Straightening out my PATH

I ran into a strange problem yesterday when I wanted to run the Python program I use to print a nice version of our weekly menu plans – the system complained that a package was missing, even though I’d been able to run the program just a few weeks ago and I certainly hadn’t uninstalled any packages since then.

I installed the package so I could run the program and called it a night.  But I was bothered.

Today, I looked at the problem again.  I knew I’d installed the most recent version of Python, Python 3.11, installed a bunch of packages (including the one that was missing last night) and made it the default version, but suddenly I was getting Python 3.9.  Python 3.11 was available, complete with packages, but I had to explicitly specify that version or I’d get Python 3.9.

It took a bit of research before I figured out what was happening.  When you open up a terminal window on a Unix system (or otherwise start a shell), the system runs several scripts before you get control.  One of the things that gets done in those script is setting the path that the system uses to find a program if you don’t specify its exact location (so you can say python3 instead of /opt/homebrew/bin/python3, for example).  In a fit of cleanliness and optimization, I’d moved the line that adds programs (including my preferred version of Python) which were installed by Homebrew to the path from .zshrc to .zshenv, and that was the cause of my woes. I fixed the problem by moving the line to yet another initialization script, .zprofile and all was well again.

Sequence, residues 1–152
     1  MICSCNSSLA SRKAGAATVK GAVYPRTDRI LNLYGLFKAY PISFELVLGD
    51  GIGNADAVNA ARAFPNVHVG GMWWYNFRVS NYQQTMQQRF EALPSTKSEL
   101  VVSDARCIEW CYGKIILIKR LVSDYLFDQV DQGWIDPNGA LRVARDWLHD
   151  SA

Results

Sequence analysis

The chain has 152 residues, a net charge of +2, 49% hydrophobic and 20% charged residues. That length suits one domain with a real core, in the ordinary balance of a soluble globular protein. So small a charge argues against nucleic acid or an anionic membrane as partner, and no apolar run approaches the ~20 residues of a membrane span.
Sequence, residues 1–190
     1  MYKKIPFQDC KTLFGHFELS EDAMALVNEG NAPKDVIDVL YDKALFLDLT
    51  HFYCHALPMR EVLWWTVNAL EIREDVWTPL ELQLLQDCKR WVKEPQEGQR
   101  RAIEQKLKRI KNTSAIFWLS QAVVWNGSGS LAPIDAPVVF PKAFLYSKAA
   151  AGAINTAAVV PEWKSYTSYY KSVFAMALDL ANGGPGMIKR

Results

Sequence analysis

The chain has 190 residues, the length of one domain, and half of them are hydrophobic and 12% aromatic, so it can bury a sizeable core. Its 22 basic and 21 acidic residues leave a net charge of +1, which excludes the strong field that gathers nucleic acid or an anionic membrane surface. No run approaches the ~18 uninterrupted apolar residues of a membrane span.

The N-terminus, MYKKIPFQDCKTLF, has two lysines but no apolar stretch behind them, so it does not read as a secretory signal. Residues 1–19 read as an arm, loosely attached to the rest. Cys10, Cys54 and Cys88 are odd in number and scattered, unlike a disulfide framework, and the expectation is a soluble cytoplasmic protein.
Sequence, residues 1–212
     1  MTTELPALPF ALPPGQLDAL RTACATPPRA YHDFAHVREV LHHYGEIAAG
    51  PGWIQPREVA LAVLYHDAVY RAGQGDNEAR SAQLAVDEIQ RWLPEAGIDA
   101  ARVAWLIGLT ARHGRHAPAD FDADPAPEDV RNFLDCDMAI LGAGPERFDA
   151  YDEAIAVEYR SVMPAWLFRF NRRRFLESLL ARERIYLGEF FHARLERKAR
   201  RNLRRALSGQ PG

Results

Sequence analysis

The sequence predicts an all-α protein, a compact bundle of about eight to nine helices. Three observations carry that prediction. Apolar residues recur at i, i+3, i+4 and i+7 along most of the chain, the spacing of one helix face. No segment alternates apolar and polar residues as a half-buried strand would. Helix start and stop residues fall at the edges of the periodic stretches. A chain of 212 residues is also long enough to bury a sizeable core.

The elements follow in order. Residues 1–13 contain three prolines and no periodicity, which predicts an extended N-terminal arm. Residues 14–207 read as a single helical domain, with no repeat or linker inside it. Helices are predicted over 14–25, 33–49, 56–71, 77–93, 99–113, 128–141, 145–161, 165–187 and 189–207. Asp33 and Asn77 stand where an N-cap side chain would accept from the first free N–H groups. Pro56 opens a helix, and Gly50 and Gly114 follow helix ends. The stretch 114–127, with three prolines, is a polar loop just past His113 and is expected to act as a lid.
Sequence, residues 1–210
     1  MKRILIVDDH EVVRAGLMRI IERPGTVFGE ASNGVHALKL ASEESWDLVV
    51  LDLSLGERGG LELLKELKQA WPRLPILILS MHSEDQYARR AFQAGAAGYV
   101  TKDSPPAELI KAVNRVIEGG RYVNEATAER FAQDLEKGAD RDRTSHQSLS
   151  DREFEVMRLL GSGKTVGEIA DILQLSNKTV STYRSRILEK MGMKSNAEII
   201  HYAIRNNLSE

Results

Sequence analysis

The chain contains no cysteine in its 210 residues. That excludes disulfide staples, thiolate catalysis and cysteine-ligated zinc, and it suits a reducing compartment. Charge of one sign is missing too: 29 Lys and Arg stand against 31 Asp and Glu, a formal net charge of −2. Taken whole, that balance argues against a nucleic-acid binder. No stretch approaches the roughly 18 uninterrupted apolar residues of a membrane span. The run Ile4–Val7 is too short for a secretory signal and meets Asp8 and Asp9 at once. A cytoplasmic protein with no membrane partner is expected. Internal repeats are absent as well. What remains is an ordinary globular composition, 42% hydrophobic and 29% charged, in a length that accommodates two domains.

In case anyone else is confused about the various initialization files that are called when a zsh shell is started, here’s a brief summary of what runs when, at least on Mac OS (thanks to harrymc for his clear explanation, which I’m simplifying further for Future Me). I’m omitting files that don’t seem to exist by default in Mac OS.

File Typical Purpose Sourced when…
.zshenv Set environment variables always
/etc/profile This is a SYSTEM-PROVIDED file, typically used to set the PATH. On Mac OS, calls /usr/libexec/path_helper which prepends its result to any PATH that’s already been set. when logging in (or starting a new terminal)
.zprofile Runs any commands appropriate for a login shell, including PATH modifications when logging in (or starting a new terminal)
.zshrc Runs any commands to set up an interactive environment when starting an interactive shell
.zlogin Final commands to set up a login shell when logging in (or starting a new terminal)

Putting the Homebrew copy of Python into the PATH in .zshenv would have been OK if there hadn’t been a copy of Python in one of the system directories that /etc/profile put in the front of the PATH; after /etc/profile made its modifications, the Homebrew copy was hidden by the system copy.

So Future Me, please note: don’t set up the PATH in .zshenv. It’s OK to set up other environment variables, but not that one!